Pakistani Troops Fire on U.S. Helicopters

September 25, 2008 02:23 PM
by Isabel Cowles
Pakistani troops shot at U.S. forces on the border between Afghanistan and Pakistan Thursday.

Pakistani Military Admits to Firing on U.S. Troops

Pakistani troops have admitted to firing at American-supplied NATO helicopters doing reconnaissance near the country’s border with Afghanistan Thursday, the BBC reports. No injuries were reported on either side, although Pakistani and U.S. officials disagree on the sequence of events.

Pentagon spokesman Bryan Whitman has confirmed that the helicopters belonged to the United States, according to Reuters, but claimed that “The flight path of the helicopters at no point took them over Pakistan.”

Major General Athar Abbas, Pakistan’s chief military spokesman, asserts that the aircrafts had “crossed into our territory in Ghulam Khan area.” According to Abbas, “They passed over our checkpost so our troops fired warning shots.”

American forces deny returning fire, although Pakistani military claim that the U.S. fired back. According to a Pakistani military statement quoted by ABC News, “When the helicopters passed over our borders post and were well within Pakistani territory, own security forces fired anticipatory warning shots. On this, the helicopters returned fire and flew back.”

On Wednesday, Pakistani President Asif Ali Zardari denied that Pakistani troops fired live rounds at the helicopters. “They are flares, they are flares, just to make sure that they know they have crossed the border line,” Zardari said.

The heightened presence of U.S. troops on the cross-border region has created tension with Pakistan, which struggles to balance defending its border from insurgents and maintaining its territorial sovereignty amidst the presence of U.S. soldiers.

On Thursday, President Zardari emphasized the point: “Just as we will not let Pakistan’s territory be used by terrorists for attacks against our people and our neighbors, we cannot allow our territory and our sovereignty to be violated by our friends.”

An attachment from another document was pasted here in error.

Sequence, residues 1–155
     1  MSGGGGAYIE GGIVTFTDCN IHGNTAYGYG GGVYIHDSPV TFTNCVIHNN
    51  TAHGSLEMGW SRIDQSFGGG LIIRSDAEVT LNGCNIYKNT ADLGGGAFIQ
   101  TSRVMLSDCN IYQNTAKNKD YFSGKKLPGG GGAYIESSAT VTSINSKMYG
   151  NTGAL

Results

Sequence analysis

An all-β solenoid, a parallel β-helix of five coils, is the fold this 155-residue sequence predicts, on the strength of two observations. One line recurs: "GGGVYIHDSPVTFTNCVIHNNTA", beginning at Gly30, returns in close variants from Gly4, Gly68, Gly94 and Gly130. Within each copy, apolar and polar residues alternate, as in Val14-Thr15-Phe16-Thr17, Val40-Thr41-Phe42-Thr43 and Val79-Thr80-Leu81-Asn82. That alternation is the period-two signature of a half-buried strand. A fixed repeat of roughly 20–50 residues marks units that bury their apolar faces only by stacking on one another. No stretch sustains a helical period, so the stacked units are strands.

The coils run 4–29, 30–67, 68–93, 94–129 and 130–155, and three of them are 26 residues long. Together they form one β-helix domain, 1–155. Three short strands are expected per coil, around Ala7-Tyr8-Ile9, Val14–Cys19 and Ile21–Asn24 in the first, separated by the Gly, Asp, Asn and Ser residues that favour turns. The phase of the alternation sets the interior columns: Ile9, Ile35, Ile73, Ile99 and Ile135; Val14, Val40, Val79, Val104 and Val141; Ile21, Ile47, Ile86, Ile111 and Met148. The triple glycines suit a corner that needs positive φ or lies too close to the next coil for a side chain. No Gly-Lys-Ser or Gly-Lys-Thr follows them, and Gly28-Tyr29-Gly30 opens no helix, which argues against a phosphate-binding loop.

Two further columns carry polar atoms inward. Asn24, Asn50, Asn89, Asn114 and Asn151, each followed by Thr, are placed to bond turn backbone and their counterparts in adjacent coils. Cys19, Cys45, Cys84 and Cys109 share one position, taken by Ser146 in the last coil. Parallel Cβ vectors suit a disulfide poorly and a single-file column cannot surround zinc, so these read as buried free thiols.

In a meeting with U.S. Secretary of State Condaleeza Rice on Wednesday, Zardari emphasized that the border between Afghanistan and Pakistan can be very unclear.

U.S. soldiers are currently stationed in a cross-border area known to be a haven for Taliban and al-Qaida militants. U.S. and NATO forces have stepped up protection of the area, incurring frustration from the Pakistanis, especially after a violent raid in Pakistan territory on September 3.

The recent gunfire firings may be a reaction to the raid. According to Abbas, “After the [Sept. 3] incident, the orders are clear. In case it happens again in this form, that there is very significant detection, which is very definite, no ambiguity, across the border, on ground or in the air: open fire.”

But the Pentagon has demanded further clarification about what happened along the ambiguous border. “This is an unfortunate incident. It just goes to demonstrate the importance of coordination along that border,” Whitman said of the events. “The Pakistanis have to provide us with a better understanding of why this took place.”

Background: Tension in Pakistan mounts after September 3 raid

A raid on September 3 prompted Pakistani military leaders to push back against the American presence in the cross-border region: tension between the two forces has continued to mount since.

On September 3, U.S. forces conducted a ground raid inside Pakistan, targeting a suspected Taliban haven. Pakistani leaders condemned the attack, claiming that it killed upward of 15 Pakistani civilians.

Spokesman for the Pakistani Embassy, Nadeem Kiani said that U.S. soldiers were acting on flawed intelligence and that they did not communicate their information or intentions with Pakistani forces.

Kiani asserted that the raid was a violation of Pakistan’s sovereign territory: “the intelligence was not correct and the people who have been killed are unarmed civilians, not militants, and those include women and children. Being an ally, any action taken on this side of the border should have been taken by Pakistani forces. There was a need to share that information with the Pakistani side.”

Following a U.S.-led attack on September 12, Maj. Gen. Athar Abbas ordered Pakistani troops to fire at U.S. soldiers if another attack was launched across the border. Abbas’ decision was a response to Pakistani public opinion that U.S. forces threaten the country’s territorial integrity. “Please look at the public reaction to this kind of adventure or incursion,” Mr. Abbas said. “The army is also an extension of the public and you can only satisfy the public when you match your words with your actions.”

Despite the unpopularity of U.S. led attacks, Pakistan depends on U.S. aid, both militarily and financially. According to a Reuters, “Pakistan is highly vulnerable to any reduction in U.S. financial support, given the depletion of foreign reserves, which has sparked talk it could default on a sovereign bond next year unless it gets foreign financing. Pakistan’s state news agency reported last week that the United States had reimbursed Pakistan $365 million for operations and logistical support in the war against terrorism.”

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